Did you know that some of the most well-known leaders are introverts?
Famous introverted leaders include:
Tech moguls Bill Gates and Jeff Besos, CEO and investor Warren Buffet, Former Chancellor of Germany Angela Merkel, and social change warriors Rosa Parks and Nelson Mandela.
Do you want to know if you are an introverted leader? If so, keep reading to discover some of the most telling characteristics.
1) Networking events feel like a challenge, but you’re great at following up
If you’re an introverted leader, you probably know the feeling of overwhelm those endless networking events can bring. These can seem like a breeze for the chatty extroverts.
But as an introvert, you are much better at following up with key individuals that you meet and this means you can really build long-term strong and beneficial connections.
My friend Andrea, who is an introverted leader, told me that she has learned to focus on quality over quantity.
Instead of attending numerous events, Andrea prioritizes deep connections with a select group of individuals. She has more meaningful conversations in smaller settings, which allows her to understand people on a deeper level.
2) You prefer well-organized meetings that aren’t too long
We’ve all been to a meeting where everyone wants to say their piece and it seems to never end. This is usually tiring for both extroverts and introverts.
Introverted leaders avoid this by having a well-structured meeting that allows people to say what is important, but avoids unnecessary chat and discussion.
3) You develop deep relationships with your colleagues
Introverts are great at active listening and really getting to know their colleagues, especially in a small group or one on one setting.
As CEO Thanos Papangelis told Forbes magazine “I find that introverted leaders value their employee relationships more. Why? Because as an introvert, it’s harder to create a new relationship, so I’ll spend more time with the relationships which I’ve already created.”
This is a great strength, since employee retention is one of the best ways to build and maintain a skilled and happy workforce.
4) You listen first and then talk later
Active listening comes in really handy here.
Unlike extroverted leaders who can have trouble listening, introverted managers are really good at hearing what everyone has to say. They evaluate everything and then give their opinions.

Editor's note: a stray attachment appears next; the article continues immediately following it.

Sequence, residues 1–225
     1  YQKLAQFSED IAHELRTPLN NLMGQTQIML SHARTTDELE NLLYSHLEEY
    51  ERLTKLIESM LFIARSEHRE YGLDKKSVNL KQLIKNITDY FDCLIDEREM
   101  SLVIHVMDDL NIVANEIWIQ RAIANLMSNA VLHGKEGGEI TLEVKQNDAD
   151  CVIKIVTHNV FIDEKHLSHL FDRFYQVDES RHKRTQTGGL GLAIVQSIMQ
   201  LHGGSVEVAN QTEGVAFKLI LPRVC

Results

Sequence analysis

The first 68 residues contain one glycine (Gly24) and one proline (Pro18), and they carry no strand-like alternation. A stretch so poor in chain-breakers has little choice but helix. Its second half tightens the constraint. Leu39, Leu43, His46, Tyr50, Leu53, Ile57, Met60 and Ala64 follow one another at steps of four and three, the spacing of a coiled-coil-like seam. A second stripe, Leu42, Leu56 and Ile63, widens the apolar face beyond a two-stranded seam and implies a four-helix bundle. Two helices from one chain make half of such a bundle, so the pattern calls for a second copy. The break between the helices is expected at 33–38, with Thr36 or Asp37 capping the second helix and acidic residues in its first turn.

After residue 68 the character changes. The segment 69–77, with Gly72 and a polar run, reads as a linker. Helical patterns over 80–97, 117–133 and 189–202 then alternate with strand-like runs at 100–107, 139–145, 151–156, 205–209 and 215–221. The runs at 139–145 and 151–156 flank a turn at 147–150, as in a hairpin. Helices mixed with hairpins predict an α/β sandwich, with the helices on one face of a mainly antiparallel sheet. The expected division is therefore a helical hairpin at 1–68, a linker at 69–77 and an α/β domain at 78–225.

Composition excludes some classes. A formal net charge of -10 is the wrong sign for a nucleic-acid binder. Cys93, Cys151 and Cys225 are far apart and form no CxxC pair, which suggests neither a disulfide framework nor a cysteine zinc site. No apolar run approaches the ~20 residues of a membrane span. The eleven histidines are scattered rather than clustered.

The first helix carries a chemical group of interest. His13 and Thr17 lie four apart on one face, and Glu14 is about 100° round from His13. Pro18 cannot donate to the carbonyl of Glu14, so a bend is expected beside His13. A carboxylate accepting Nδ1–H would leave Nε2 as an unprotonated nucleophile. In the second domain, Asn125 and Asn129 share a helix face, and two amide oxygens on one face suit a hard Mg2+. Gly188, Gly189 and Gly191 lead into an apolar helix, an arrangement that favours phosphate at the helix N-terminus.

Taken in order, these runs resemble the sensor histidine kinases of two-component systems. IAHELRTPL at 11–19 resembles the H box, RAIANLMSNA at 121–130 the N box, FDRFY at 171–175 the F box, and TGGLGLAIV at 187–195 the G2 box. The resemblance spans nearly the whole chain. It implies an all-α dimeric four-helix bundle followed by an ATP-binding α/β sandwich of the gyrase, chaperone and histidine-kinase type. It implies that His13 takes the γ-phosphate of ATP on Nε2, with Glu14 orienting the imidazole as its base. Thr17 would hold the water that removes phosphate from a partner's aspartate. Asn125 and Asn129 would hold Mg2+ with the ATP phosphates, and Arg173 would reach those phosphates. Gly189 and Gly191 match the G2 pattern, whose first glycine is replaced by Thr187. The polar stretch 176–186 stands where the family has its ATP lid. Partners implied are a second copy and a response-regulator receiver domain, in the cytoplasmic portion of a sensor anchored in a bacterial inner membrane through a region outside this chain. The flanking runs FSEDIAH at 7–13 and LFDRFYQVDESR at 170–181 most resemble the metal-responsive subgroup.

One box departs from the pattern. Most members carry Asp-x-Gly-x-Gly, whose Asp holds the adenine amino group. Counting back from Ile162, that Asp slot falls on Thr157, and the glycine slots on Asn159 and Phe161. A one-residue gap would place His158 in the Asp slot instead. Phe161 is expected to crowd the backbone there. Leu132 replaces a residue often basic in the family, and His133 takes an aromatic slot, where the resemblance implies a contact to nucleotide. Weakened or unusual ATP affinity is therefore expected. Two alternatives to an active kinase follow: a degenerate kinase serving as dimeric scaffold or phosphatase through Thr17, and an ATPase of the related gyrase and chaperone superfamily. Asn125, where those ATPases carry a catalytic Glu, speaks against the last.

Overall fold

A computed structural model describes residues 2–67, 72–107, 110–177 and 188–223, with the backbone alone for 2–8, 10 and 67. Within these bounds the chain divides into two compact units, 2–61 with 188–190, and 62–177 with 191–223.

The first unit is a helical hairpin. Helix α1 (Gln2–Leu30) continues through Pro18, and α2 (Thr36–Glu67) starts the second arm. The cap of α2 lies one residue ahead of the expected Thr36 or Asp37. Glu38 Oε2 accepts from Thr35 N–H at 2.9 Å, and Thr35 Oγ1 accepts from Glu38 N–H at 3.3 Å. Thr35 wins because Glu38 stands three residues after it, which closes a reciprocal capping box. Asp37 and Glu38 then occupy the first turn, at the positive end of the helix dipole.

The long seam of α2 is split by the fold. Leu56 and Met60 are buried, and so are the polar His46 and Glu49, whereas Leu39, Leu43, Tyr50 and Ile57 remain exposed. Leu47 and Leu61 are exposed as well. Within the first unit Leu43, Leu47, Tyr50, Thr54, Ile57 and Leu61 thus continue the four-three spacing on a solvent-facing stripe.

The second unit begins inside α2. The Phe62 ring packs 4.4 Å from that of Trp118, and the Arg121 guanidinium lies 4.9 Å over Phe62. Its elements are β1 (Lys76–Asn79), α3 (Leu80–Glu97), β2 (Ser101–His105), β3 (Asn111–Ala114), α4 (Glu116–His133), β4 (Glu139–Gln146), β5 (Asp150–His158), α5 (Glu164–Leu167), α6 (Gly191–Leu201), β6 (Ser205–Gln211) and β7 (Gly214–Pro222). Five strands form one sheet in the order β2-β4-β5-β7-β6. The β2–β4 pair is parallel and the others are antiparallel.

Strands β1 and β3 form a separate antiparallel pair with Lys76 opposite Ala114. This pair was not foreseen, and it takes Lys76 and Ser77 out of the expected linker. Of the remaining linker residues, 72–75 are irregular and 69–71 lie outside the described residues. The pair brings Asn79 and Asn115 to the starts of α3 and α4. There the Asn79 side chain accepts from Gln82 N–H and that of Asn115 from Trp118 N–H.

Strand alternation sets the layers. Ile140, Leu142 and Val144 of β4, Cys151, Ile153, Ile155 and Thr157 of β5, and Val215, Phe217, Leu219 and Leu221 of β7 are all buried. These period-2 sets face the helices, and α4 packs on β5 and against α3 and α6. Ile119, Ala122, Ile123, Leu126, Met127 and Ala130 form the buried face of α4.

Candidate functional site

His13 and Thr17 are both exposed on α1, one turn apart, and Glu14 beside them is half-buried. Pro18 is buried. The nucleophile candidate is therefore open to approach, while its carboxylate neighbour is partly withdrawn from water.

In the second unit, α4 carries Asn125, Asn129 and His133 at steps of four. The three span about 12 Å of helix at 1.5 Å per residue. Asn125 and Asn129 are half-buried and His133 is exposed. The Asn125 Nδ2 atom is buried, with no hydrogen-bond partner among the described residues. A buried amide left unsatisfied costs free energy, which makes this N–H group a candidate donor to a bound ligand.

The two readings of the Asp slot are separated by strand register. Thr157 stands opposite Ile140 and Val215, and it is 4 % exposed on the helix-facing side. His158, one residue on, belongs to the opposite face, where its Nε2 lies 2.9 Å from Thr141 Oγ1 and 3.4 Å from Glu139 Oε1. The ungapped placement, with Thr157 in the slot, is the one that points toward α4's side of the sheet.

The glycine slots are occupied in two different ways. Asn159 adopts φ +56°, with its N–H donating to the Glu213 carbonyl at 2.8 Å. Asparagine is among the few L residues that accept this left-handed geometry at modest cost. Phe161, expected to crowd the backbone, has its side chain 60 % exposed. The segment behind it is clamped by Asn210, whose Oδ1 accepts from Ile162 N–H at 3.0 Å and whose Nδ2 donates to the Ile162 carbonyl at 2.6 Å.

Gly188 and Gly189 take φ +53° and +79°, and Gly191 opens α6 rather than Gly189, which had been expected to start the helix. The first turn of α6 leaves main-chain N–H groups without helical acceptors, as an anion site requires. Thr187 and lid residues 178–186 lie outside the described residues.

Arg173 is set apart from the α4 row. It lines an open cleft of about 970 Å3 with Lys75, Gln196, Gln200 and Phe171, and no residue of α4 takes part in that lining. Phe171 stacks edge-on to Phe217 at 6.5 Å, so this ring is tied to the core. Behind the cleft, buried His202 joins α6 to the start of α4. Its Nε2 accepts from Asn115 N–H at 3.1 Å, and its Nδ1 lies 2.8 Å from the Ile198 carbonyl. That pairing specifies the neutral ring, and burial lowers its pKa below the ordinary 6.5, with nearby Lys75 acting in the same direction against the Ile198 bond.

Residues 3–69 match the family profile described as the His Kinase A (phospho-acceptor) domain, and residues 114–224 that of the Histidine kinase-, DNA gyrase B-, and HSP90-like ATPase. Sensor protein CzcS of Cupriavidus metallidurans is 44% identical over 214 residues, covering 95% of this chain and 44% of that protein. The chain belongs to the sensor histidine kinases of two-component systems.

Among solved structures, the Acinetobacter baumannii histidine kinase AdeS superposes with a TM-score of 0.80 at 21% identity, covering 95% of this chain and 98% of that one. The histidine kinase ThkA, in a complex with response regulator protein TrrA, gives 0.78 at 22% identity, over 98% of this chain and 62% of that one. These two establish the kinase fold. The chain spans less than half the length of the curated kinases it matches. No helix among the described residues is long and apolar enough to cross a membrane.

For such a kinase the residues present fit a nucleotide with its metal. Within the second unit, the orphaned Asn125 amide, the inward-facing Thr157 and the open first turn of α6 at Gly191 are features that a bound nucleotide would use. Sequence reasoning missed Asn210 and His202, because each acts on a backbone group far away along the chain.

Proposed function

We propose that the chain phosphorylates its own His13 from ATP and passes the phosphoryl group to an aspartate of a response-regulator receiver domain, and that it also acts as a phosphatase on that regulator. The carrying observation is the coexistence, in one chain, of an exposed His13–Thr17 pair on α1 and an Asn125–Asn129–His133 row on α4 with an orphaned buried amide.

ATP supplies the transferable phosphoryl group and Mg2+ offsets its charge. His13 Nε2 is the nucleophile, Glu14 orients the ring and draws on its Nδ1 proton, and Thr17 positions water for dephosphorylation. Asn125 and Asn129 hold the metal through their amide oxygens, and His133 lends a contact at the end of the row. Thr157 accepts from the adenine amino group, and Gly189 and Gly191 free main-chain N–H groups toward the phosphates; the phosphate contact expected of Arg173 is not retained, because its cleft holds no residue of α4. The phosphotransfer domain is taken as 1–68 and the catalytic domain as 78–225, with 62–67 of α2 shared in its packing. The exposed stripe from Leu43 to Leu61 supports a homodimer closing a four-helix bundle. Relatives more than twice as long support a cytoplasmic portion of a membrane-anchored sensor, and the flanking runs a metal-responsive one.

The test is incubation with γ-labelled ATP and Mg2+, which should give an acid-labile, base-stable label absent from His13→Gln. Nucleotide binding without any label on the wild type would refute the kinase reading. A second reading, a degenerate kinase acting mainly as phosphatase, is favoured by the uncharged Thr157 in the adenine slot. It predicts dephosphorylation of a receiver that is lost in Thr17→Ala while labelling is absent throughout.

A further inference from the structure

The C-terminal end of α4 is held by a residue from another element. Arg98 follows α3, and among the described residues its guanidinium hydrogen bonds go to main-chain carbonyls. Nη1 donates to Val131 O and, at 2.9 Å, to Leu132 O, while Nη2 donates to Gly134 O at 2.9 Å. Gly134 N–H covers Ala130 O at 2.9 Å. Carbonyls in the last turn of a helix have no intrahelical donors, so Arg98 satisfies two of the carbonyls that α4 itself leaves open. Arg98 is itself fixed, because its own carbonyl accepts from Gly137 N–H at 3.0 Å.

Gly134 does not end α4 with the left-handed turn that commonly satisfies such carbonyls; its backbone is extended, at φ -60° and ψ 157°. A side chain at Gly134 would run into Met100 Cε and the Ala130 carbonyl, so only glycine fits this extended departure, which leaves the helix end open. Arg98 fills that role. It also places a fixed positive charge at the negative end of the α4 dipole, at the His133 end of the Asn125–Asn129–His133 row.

This means that a wide range of important ideas can be discovered and implemented.
Like Barack Obama, you may also prefer to have people submit their ideas in writing, so that you have time and space to consider them properly.
5) You schedule time to recharge and consider things
If you find that you like to block off time for thinking and recharging your batteries, this can be a sign that you are an introverted leader. This is because it’s essential for introverts to find moments of solitude to recharge and reflect.
This might look like prioritizing your time by setting boundaries and creating a structured schedule.
As before, using technology to get your team to communicate with you can be a great way to allow you to have focused, uninterrupted work time when needed.
Ultimately, you find a balance that works for you and your organization
6) You have unique problem-solving abilities
By taking a slower and more considered approach, you have the ability to assess things rather than rush into things. This has been proved by a 500 person study by Maryam Hosseinzadeh, who found that introverts did better on a problem-solving task.
In a crisis situation, rather than acting impulsively and reactively, you are likely to encourage your team to also take a step back and consider the situation and options, and brainstorm.
You may encourage employees to take some alone time before getting together with the group, which produces effective solutions that may not have come otherwise.
7) You give great feedback and instructions one on one
You really thrive on close contact with people, so you find that one on one feedback and situations go really well.
You listen better, and so, as research shows, your employees feel really heard and safe, sharing more than they might feel able to do with an extroverted leader.
You’re likely to have a great sense of empathy as you take the time to put yourself in other’s shoes and this results in better conversations and work outcomes, and you are more likely to find yourself coaching and mentoring.
8) You’re more likely to admit when you’re wrong
Extroverts are often very sure of themselves. While this can be a strength it can also be a weakness, leading to errors and mistakes. Also, as a study in the Frontiers in Psychology shows, extroverts are more likely to go with the majority opinion even when it is wrong.
If you find that you are more willing to step back and consider the evidence, even when others are sure they have the answer, this is another sign that you are an introverted leader.
9) You work better with extroverted employees
This might seem counterintuitive, but as research from Adam Grant et. al shows, extroverted leaders are less receptive to extroverted employees who have great ideas. Again this comes back to the extroverts’ surety in themselves.
In the study, Grant and his team found that in companies with lots of extroverted employees, the introverted managers were much better at listening to and using their ideas. These businesses outperformed those with both extroverted bosses and employees by 14%.
The strengths and characteristics of introverted leaders – a summary
In Western culture, there is often a bias that assumes that extroverted leaders are better, but as research shows, this simply isn’t the case. Both types of people can be excellent leaders and each has their strengths and weaknesses.
If you find that you fit into the introverted leader category, make sure your bosses understand your unique strengths and talents, and why introverts are essential to profitable and successful companies.